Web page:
“We knew when we kind of opened it up we’re going to have to see what the traffic bears and now I think we probably should wrap some procedures around this and call out what’s acceptable and what’s not acceptable.

“I don’t think anything’s been out-of-bounds to date, but it’s better to be proactive about it.”

Donna Mitchell, acting city manager, said under the current unwritten guidelines that all she asks council members for regarding their use of the funds for a straight donation is a receipt for reimbursement.

“My understanding is that (the funding) is for community organizations or helping a district, so that’s (the guidelines) that we’ve tried to follow,” said Mrs. Mitchell, who added she hasn’t seen anything that has raised her eyebrows regarding the funds.

Seeing the need for formal rules

During its first year in FY2016, council chose to reduce its Community Enhancement Fund Expenditures by $3,000 in order to make up for reductions that were previously made to the African American Festival.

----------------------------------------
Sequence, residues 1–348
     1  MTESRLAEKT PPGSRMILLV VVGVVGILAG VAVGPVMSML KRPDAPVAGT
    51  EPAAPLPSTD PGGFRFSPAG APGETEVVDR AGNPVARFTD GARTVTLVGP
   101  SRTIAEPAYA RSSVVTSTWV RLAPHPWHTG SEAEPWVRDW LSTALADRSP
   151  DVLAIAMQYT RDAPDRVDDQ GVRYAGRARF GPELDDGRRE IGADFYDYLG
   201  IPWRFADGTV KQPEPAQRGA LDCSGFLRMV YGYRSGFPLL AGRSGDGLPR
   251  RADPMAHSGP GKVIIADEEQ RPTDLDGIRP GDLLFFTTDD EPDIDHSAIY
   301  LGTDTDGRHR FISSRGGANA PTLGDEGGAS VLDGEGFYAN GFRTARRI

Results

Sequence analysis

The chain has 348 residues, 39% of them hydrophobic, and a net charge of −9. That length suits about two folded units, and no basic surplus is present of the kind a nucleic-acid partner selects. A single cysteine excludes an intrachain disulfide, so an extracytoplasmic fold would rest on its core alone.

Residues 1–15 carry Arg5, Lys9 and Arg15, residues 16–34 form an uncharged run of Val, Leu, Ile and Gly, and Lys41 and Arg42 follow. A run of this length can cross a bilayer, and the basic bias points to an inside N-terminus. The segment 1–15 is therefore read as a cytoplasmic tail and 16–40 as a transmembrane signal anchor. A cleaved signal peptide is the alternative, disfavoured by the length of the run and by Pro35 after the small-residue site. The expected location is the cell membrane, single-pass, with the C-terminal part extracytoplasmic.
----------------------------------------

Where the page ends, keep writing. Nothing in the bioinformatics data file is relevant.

Council members distributed $20,463.55 out of the remaining $22,000, with the $1,536.45 balance returned to the city’s funds.

Fred Neil, councilman for the 3rd District, said he believes strongly that the funds should be used wisely — and sparingly.

“I’m kind of stingy with this money and it’s because it’s the taxpayer’s money and I’m not going to be lavish with anybody,” Councilman Neil said. “I did make a contribution to the organization within Dover Air Force Base for the Open House because I thought that was seed money to help people come here and have it grow. I have donated money from this source to a scholarship program — it’s $100.

“But I don’t think I have to spend all of that money — and I didn’t last year — just because it’s there. I think we have to keep that in mind, it’s not our money. We’re using this to enhance something or somebody that is going to be beneficial for the city to protect a group of people.”

Biggest barrier to overcome

While most of the Community Enhancement Fund donations thus far have been made to charitable organizations, infrastructure improvements and community projects, there was some concern expressed by council members regarding the funds.

Mrs. Mitchell said it was her understanding that when the discretionary funds were made available two years ago that she thought they were meant to be spent in the council members’ respective district.